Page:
The study of natural transformation, along with conjugation and transduction, has gained importance since genomic sequencing revealed horizontal gene transfer to be a significant factor in the evolution of bacteria and antibiotic resistance. The machinery that mediates transformation in Bacillus subtilis is highly conserved among competent microbes, both gram-positive and negative. Also, B. subtilis pseudopilins and assembly proteins, which are essential components of the transformation machinery, share homology to proteins of type 2 secretion systems (T2SS) and type IV pill (T4P), found in many gram-negative human pathogens. Ultimately, studying the competence proteins in B. subtilis will shed light on general characteristics of transformation proteins and the functions of T2SS and T4P proteins. The focus of this proposal is to decipher the functions of ComGD, ComGE, and ComGG, collectively called the minor pseudopilins, and ComGC, the major pseudopilin which comprises the competence pseudopilus, of Bacillus subtilis. These proteins are essential for both DNA-binding and transport to the cytosol during transformation, but their specific roles are unknown. We hypothesize that the minor pseudopilins interact to form a heterotrimeric complex similar to the one formed by the minor pseudopilins of Escherichia coli T2SS. The E. coli minor pseudopilin complex is believed to bind to the tip of the T2SS pseudopilus and mediate protein-protein interactions. Accordingly, we believe the B. subtilis complex localizes at the tip of the competence pseudopilus, comprised of ComGC, and binds to ComEA, the integral membrane DNA-binding protein. As a result, ComEA will be connected to the competence pseudopilus such that retraction of the pseudopilus will cause movement in ComEA, which will allow for delivery of the DNA to the membrane channel composed of ComEC. Analysis of our model will require in vitro and in vivo biochemical protein-protein interaction studies like pull-downs and immunoprecipitiation. Fluorescence microscopy will serve to evaluate the localization and possible co-localization of ComEA and the pseudopilins with other competence proteins. Overall, we seek to decipher the function and interactions of the pseudopilins during transformation. Bacillus subtilis shares DNA using the same mechanism and machinery that some human pathogens use to become antibiotic resistant. The focus of this research is on studying this conserved machinery in B. subtilis because it can be easily manipulated.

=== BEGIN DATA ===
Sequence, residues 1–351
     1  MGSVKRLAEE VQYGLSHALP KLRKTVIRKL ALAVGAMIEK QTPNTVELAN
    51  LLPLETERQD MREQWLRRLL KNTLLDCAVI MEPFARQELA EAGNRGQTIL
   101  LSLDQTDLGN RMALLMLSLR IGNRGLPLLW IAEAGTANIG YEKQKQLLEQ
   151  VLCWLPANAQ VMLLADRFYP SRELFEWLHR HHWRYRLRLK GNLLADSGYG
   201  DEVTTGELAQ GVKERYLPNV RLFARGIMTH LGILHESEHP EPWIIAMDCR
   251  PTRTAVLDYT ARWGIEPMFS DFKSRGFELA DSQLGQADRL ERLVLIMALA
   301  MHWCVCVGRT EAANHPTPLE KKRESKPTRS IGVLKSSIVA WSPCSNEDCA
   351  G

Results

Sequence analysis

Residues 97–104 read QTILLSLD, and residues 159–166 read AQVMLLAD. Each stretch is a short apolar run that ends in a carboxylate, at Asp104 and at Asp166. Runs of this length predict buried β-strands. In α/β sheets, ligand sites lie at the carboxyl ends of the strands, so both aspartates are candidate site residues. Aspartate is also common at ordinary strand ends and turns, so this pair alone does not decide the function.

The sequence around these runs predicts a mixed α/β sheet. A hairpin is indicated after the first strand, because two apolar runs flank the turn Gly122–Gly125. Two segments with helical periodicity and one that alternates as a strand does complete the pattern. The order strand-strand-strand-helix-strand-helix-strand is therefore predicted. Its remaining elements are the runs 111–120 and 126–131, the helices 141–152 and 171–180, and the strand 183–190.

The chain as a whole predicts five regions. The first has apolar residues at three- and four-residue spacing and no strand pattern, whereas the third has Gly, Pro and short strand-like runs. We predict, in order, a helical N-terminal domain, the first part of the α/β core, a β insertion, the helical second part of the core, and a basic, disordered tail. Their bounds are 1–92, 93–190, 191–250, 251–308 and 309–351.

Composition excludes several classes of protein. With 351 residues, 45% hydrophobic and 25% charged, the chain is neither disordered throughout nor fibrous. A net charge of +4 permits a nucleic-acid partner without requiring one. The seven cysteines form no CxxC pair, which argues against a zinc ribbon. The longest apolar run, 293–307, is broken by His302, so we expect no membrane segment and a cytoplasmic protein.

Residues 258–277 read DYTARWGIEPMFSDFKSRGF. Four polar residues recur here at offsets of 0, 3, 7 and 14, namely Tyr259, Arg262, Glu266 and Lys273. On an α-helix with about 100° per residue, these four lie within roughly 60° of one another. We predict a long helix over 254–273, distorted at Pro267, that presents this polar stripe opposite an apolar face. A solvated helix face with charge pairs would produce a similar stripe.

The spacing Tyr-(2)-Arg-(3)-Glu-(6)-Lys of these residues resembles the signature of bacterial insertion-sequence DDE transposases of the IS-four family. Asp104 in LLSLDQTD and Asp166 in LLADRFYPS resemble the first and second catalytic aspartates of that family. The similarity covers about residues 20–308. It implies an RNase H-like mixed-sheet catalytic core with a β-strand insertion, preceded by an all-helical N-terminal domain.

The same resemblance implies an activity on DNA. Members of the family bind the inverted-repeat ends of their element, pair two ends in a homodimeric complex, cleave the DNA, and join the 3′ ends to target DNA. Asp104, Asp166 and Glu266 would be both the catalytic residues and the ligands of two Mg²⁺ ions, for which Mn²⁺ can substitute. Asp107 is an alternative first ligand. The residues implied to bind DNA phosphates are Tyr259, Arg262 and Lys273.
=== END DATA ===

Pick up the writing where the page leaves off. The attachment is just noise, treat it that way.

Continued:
|Mann, Jessica M; Carabetta, Valerie J; Cristea, Ileana M et al. (2013) Complex formation and processing of the minor transformation pilins of Bacillus subtilis. Mol Microbiol 90:1201-15|